Of course, you’re familiar with the risks of listening to loud music all the time, but there’s just nothing that makes our heart tick like a pumping bass or a signing guitar. There’s a scientific reason why we prefer our music as loud as possible.
This is why loud clubs and rock concerts make us so darn happy:
1. It’s all in the details!
When you play music loud, it is easier to pick out all the details. And hearing all the different parts of a song usually means that the music sounds better. After all, that is how the artist created it.
There’s a reason that audio engineers, artists and musicians quite often have (an early stage) of tinnitus. For them to be able to pick up all the complexities of a song, they crank up the volume. So, please be responsible when listening to (loud) music!
2. Loud music relieves stress
There is a direct connection between your inner ear and the pleasure centers in the brain. Shortly explained, when you listen to (loud) music, endorphins are released. This connection is stimulated more by low frequencies above 90 decibels.
3. Get pumped!
Ever noticed you run a little faster when you turn the music up while on the treadmill? It’s because loud music works like a stimulant. You can literaly get pumped up by loud music, as music can lead to an increased body temperature and heart rate. There’s a reason why almost everybody in the gym walks around wearing headphones.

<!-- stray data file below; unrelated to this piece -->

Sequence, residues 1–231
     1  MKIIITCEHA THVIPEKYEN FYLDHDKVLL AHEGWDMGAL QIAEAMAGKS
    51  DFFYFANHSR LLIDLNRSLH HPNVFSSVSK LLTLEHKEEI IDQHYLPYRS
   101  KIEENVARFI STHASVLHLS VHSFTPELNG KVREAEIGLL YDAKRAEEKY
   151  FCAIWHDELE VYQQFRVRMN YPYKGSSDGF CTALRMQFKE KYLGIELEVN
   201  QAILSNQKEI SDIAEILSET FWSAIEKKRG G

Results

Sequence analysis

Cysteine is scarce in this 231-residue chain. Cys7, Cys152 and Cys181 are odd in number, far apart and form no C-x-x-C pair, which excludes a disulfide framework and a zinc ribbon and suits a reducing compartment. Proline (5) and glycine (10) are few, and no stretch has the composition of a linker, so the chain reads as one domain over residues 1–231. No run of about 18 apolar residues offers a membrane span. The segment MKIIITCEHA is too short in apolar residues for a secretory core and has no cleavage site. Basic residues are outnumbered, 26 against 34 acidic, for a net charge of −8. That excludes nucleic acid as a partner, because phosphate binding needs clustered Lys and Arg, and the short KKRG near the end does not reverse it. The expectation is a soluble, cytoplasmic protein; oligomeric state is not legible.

4. Music leads to nice emotions
Ever had those goosebumps when your favorite song comes up? That sensation is called ‘frisson’ and it happens when dopamine floods your body. Firstly, our brain releases dopamine when songs we like reach their peak. However, research has also found that the anticipation of these moments trigger dopamine release.
5. Loud music blocks out the world
Silly but true: when you need to focus on something, you turn down the volume. Such as when you are talking to someone else whilst driving a car or when you have to think about which route to take to get from A to B. Loud music takes over the brain: it overwhelms the other senses. This can also work in a positive way: blocking out other stimulants (such as surrounding sounds) so you can focus on just 1 task. However, Knops does the same without you having to turn up your music volume and potentially damage your ears!
Moderation is key
But, just like the rest in life: everything in moderation. Too much of a good thing can be dangerous, so take good care of those precious ears.
The worst sounds that trigger people with misophonia
When you’re struggling with misophonia, the smallest sounds can be the worst trigger. The emotions you feel vary from disgust to anger, rage, and hatred. If you have this condition, it’s good to be aware of what exactly triggers you. Also, if you have someone around you who deals with misophonia, it’s good to know what kind of sounds can trigger that person. Because nope; it’s not only the chewing and swallowing that can send them into rage.Pull the TriggerThe following misophonia triggers may surprise you: • Sounds made at the table – fork on a plate, fork scraping teeth, spoon